Marge (Merriam KS)
It Seemed Like a Good Idea at the Time: My Adventures in Life and Food
What captured my interest was the title. How could I not want to read this book--I quite enjoy good ideas, life, and food! This book isn't just about food; it starts out with the author, Moira Hodgson, traveling with her parents to different countries and the cuisine she and her family experience in each. An interesting aspect of this book is that it is not a cookbook but there are recipes throughout. They are not hard to follow. The stories in the book are not hard to follow either and if one likes learning and reading about different cultures, social classes, and their cuisines from a participating observer (as Ms. Hodgson is), then this book is for you.
Penny (Saginaw MI)
This memoir covers epicurian delights...
Along with travel and other escapades of life. The author rehashes her life in a way that makes the reader hungry for more. The memories are wonderful. Next thing you're trying to guess what's coming up on the menu or what the next recipe is. Stories served up from Great Britain, the Middle East, boarding school and Vietnam are only hints of this banquet of living. At times wordy the reader will still crave more.
Joan (St. Helena Island SC)
It Seemed Like a Good Idea at the Time
Food enthusiasts and New Yorkers familiar with columnist Moira Hodgson will enjoy this biography. She lived in many exotic places and has interesting vignettes. The recipes are as unusual as her travels and include Lamb Tajine with Green Olives and John Cage's Homemade Bread -- no yeast or soda for leavening, perhaps a brick flavored with pureed veggies is the result. If you love travel, biographies and food adventures, search no further.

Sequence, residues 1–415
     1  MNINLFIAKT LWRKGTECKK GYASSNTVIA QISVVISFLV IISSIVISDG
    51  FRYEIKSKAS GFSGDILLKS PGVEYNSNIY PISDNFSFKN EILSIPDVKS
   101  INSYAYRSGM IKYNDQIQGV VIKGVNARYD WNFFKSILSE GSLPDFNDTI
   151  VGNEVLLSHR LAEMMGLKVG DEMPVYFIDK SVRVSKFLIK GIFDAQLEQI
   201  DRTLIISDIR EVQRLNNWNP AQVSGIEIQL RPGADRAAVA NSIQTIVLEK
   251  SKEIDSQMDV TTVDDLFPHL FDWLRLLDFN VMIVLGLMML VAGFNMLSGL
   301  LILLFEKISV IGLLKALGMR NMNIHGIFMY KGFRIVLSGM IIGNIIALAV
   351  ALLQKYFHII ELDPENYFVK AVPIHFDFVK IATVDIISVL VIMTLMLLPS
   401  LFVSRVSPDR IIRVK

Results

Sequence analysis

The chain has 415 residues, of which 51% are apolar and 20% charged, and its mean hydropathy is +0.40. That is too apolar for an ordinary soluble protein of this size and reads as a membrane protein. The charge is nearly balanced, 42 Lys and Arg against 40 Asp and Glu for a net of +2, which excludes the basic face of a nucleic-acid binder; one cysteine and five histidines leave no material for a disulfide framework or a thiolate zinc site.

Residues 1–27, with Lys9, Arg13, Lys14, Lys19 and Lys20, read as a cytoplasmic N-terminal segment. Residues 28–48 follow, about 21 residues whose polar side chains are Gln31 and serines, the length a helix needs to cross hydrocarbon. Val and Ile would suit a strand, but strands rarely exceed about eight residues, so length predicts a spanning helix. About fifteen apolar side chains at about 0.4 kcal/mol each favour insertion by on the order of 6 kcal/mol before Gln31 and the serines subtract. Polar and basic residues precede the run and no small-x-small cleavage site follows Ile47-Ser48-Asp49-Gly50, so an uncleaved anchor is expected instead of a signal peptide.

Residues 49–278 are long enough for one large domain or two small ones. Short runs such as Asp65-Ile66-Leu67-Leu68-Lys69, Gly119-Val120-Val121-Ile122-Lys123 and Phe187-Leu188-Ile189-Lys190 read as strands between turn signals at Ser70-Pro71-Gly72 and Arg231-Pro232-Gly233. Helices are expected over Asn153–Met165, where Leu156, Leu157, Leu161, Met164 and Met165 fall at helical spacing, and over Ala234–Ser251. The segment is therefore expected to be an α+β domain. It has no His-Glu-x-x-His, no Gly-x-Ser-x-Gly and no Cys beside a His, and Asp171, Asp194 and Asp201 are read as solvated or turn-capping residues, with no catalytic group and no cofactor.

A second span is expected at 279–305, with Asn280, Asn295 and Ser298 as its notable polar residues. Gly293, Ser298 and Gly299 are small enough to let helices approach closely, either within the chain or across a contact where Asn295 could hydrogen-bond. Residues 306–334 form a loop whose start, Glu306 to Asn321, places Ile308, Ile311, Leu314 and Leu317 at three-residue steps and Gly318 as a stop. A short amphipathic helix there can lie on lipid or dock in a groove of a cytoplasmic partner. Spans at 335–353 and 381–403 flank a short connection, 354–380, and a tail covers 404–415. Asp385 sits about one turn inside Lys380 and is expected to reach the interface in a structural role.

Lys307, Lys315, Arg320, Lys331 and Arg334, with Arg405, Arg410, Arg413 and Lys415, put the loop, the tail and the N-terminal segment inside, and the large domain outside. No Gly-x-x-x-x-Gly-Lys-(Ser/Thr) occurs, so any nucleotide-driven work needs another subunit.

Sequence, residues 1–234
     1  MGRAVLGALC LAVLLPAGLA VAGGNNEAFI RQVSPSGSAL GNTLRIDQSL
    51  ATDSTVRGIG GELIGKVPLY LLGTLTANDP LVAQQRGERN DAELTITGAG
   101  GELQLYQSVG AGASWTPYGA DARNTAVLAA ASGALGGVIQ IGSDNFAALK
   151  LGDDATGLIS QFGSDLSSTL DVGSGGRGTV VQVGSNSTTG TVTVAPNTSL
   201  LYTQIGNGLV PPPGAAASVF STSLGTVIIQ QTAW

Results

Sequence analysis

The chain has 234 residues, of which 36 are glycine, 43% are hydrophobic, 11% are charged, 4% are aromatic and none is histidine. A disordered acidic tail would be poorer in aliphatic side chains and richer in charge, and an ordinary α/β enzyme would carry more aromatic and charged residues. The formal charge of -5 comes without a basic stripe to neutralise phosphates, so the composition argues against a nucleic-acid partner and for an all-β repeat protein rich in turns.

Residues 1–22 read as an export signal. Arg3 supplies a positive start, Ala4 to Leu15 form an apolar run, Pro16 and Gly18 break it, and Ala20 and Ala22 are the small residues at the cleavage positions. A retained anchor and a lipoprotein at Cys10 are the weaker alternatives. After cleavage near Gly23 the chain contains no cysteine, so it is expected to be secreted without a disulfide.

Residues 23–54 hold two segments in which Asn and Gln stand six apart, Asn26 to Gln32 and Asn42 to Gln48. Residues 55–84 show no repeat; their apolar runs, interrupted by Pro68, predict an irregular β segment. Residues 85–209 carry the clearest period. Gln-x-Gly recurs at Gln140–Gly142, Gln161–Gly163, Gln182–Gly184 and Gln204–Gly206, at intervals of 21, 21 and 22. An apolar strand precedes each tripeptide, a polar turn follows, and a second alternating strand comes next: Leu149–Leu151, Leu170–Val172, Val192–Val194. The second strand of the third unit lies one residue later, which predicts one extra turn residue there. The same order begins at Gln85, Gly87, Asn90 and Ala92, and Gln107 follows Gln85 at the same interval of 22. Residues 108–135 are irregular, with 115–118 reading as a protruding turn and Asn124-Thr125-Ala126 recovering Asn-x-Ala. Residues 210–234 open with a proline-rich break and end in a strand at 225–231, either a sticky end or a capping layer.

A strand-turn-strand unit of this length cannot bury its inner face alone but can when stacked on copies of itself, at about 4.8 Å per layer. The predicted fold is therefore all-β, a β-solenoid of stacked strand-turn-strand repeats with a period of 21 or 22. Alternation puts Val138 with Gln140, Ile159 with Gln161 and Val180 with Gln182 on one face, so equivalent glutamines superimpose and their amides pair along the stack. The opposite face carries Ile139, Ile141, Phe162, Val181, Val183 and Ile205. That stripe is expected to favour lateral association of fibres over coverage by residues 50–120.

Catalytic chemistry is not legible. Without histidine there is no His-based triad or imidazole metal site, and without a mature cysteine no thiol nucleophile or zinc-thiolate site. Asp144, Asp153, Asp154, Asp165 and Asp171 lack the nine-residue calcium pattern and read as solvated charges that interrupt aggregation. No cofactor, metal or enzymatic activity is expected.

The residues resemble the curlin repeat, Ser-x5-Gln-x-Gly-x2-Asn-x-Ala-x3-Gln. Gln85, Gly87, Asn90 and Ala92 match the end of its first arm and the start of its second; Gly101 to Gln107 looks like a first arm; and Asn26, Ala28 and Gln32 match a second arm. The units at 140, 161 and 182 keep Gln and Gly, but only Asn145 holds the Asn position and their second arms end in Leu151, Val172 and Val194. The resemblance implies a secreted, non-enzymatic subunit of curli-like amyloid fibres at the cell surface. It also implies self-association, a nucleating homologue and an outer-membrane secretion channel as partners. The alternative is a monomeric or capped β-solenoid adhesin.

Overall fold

Sarah (Livermore CA)
Wine, Dine, and Time
I quickly became hooked by Hodgson's memoir, which is fast-paced, mouth-watering, and intensely personal. The recipes that dive into each chapter look simple to make and delicious, but it's Hodgson's nostalgic prose that I like best. The author focuses both on her journey to enjoy food and on the mysteries of the kitchen, while sharing details about her family and her own life. Her travels around the world during childhood and later on as an adult went by a little too quickly to me, but I still enjoyed following her from England to America and every place in between.
Laura (Atlanta GA)
A Pretty Good Idea
Part travelogue and part food commentary, this memoir by New York Observer restaurant critic Moira Hodgson brings to mind the work of Ruth Reichl but is not quite as satisfying. Hodgson exemplifies her memories with recipes, sometimes easy to follow and sometimes not. She name-drops relentlessly, particularly in the latter sections of the book, without telling us much about the names she is dropping - I guess we are supposed to know! The writing is entertaining; Hodgson's life as the well-traveled daughter of a British Foreign Service officer, and as a gadabout adult searching for a writing career is interesting and she tells it well. If you are looking for a "foodie" book, though, Reichl is a better bet.
Anne (Carson City NV)
An interesting life
I liked this book very much. Possibly because many of the author's experiences paralleled my own. She has a knack for bringing places and times vividly alive in her writing. However, I doubt this book will appeal to a large audience because of the time period. Set in somewhat "mainstream" 50s, 60s, and 70s, the author had an interesting life, but not a fascinating one. I imagine women of a "certain age" would like this book, as I did.
Marie (Warner NH)
It Seemed Like a Good Idea At The Time
Hodgson takes her readers on an adventurous trip to the many countries she lives in and travels to and along the way introduces us to the culinary traditions (with recipes) from the various areas. She is adept at weaving descriptions of her experiences, places, incidents, and individuals together, thus making this memoir an interesting, enjoyable read.